It is critical to avoid creating structure for the sake of structure, as revealed in the following excerpt:“Structuring content for its own sake makes no sense; companies need a rationale—a purpose—to guide the structuring effort,” says Joe Gollner, director at Gnostyx Research. “In practical terms this means that companies need an application that will do something with the content. When companies invest in structured content, they must also invest in the technology applications that will use that structured content.” Gollner is an advocate of what he calls Just Enough Technology (JET) as a way to emphasize the need for a balanced approach to investments in technology applications and structured content. In his experience, the best outcomes are achieved when technology applications and structured content coevolve over a period when they are being actively used. He advises companies to avoid going overboard, breaking down their content to “almost insane levels of structure” (something he refers to as “going semantic”). Instead, he recommends concentrating on how and where the content will be used—and, of course, why.
#6 — You can automate and improve your business processes
In this section, author Scott Abel turns to Michael Boses, principal consultant with the Contelligence Group for supporting examples of this benefit:“An online form that requires the user to fill in information is basically just ‘digital paper’, and it’s just as dumb as paper,” says Boses. “Structured content allows for the creation of intelligent XML documents that become governance documents, which can automate deliberation and approval because the data input is directly linked to business rules.”
#7 — Your content becomes intelligent, supporting more targeted marketing
This section discusses in detail the benefits of adaptive content and responsive design. (All terms are defined at the top of the downloadable white paper.)Together, adaptive content and responsive design constitute intelligent content: content that behaves as if it knows about likely target audiences, related information, and so forth. Obviously, adding intelligence to information enables targeted marketing, namely, the distribution of information that consumers are likely to value based on who they are, what they like, etc.
Supportive evidence is added through credible testimony from Ann Rockley of The Rockely Group.
#8 — You can use a content management system for unprecedented efficiencies
Under this benefit, Scott gives a good example why content management can be “as good as gold.”Consider a website that lists the current spot-price of gold on every page. It’s more efficient to record that value in your content management system once when the market opens and then store each new value during the day rather than retrieving those values on every page separately. The CMS can be configured to keep a record of every change in price. While information backup and reuse are important aspects of a content management system, so is the ability to track the development and use of information assets. Keeping track of the changing price of gold can be useful if you need to publish historical charts. Effective use of CMS logs and reports facilitates content inventories and content audits.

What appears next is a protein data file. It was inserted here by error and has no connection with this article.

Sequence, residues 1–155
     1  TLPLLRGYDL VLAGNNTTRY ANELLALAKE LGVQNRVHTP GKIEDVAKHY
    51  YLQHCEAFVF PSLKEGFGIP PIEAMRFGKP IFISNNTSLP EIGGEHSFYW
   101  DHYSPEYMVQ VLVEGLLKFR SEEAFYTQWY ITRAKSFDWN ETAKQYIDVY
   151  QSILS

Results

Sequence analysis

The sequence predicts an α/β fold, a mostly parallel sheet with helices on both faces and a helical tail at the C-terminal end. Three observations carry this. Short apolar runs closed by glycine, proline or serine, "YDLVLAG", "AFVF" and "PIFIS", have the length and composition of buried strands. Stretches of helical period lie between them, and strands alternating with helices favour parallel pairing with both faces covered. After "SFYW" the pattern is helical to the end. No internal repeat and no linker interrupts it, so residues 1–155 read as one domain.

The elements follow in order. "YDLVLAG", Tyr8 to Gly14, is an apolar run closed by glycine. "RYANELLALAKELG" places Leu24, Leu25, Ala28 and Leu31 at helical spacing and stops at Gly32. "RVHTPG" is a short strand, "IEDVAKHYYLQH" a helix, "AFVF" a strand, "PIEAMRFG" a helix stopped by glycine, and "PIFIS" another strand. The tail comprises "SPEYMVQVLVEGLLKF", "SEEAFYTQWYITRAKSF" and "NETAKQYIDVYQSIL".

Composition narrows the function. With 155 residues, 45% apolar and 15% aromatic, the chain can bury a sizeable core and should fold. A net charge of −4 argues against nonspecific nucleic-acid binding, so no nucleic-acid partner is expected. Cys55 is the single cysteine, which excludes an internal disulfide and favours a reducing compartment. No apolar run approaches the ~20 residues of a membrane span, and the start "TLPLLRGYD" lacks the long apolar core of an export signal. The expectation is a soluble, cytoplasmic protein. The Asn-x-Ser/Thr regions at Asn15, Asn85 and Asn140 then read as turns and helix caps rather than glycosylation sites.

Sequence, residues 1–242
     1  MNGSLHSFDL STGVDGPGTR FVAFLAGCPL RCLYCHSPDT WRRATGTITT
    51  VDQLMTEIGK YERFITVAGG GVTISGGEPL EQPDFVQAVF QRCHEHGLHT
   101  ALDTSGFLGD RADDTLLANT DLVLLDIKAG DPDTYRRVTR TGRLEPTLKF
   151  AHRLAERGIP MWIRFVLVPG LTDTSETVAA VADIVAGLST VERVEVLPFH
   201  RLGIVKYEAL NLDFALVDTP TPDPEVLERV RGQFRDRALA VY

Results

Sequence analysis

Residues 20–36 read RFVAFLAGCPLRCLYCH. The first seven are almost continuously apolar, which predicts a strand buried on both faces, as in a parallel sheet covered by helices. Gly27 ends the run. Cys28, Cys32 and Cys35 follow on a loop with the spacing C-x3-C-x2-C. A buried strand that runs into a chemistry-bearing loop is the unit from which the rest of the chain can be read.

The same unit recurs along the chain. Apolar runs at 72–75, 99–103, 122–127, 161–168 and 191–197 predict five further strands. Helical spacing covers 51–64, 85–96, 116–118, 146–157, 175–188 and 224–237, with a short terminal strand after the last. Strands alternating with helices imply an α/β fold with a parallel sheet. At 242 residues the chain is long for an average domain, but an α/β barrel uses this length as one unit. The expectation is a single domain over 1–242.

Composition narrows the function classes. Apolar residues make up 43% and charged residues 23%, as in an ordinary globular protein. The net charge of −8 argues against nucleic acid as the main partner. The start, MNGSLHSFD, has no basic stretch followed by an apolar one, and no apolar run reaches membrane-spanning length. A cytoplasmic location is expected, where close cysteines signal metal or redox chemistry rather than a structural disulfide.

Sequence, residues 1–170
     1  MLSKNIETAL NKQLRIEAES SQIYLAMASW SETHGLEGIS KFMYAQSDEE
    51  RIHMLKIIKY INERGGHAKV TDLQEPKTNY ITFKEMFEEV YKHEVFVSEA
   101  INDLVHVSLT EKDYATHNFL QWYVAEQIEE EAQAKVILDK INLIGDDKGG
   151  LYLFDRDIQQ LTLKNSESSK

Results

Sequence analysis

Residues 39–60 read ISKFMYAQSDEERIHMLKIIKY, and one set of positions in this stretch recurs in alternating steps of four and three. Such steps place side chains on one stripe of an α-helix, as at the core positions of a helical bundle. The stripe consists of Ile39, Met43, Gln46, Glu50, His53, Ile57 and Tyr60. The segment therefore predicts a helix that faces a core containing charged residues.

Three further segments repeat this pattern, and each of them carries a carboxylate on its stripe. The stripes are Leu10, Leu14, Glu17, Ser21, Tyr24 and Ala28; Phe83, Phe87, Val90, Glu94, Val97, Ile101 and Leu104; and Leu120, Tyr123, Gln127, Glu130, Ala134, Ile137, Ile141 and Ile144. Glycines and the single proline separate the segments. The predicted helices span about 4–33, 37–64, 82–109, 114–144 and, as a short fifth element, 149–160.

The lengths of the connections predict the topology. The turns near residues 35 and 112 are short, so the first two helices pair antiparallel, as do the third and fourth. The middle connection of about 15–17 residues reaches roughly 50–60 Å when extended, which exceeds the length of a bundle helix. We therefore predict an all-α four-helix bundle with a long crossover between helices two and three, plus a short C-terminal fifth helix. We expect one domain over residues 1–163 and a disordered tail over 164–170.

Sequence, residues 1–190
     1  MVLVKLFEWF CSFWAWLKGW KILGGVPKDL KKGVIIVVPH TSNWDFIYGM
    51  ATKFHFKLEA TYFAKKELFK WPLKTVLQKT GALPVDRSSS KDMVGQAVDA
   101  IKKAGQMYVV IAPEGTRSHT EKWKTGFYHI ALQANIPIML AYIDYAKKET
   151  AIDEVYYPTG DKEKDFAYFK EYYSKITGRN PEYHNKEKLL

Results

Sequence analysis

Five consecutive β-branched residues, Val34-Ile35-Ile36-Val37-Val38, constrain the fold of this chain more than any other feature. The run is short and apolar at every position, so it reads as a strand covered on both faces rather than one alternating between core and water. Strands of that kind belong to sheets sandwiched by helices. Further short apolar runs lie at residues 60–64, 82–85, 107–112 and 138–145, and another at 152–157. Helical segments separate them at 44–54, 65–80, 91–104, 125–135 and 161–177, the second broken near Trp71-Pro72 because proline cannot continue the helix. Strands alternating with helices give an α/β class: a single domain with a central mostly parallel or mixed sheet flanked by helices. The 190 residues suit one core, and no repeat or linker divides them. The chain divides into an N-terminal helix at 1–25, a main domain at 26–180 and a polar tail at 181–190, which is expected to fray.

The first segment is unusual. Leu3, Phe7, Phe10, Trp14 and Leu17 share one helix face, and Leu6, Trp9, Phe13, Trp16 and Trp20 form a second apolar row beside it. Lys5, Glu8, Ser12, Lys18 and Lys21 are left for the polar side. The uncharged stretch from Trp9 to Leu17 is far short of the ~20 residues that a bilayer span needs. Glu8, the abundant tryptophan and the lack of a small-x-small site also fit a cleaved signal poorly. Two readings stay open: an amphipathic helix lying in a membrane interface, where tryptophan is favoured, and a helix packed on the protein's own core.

#9 — You can personalize your content, increasing response rates
The key to this benefit is making your content “findable” through personalization:Consumers don’t find content valuable unless it meets their individual needs. They don’t want to receive mass-marketing messages masquerading as personalized content. Companies need to get to know their customers better if they want to exceed the 2-5% response rate that traditional targeted advertising typically yields. If 2-5% is the most you can hope for, you waste 98-95% of your advertising dollar.
#10 — You can reuse your content, lowering costs while improving quality
Content re-use isn’t limited to the authoring process (e.g. reusing the same topic or component to achieve consistent wording.) Many times with training materials or similar projects, there can be a great deal of content reuse driven by customers who need to retrieve artifacts or project components on an “as needed” basis.
Two examples from ASTD are shared, which show the versatile ways that your consumers may continue to reuse your content in ways that you haven’t imagined.
How many reasons do you need?
Without structured content, none of the competitive advantages described in this paper can materialize. But with it, all possibilities for making your content more relevant and useful to your customers are within reach.
About the authors
Known as the Content Wrangler, Scott P. Abel is an internationally recognized global content strategist and a vibrant speaker. He’s frequently employed as a featured presenter at content industry events. Scott’s message is clear: Content is a business asset worth managing efficiently and effectively. He works to help content-heavy organizations adopt the tools, technologies, and techniques needed to connect content to customers. Scott is a founding member of Content
Management Professionals and co-produces the annual Intelligent Content Conference and Content Strategy Workshops. In addition, he writes regularly for content industry publications and was listed by EContentmag.com as one of the top 50 content marketing resources on Twitter.
Emma C. Hamer is a Human Performance and Organizational Change Management consultant, with 25+ years of senior and executive management experience, and 12+ years of coaching experience, in Europe and in Canada/US, with a special focus on Enterprise Content Management and Information Management.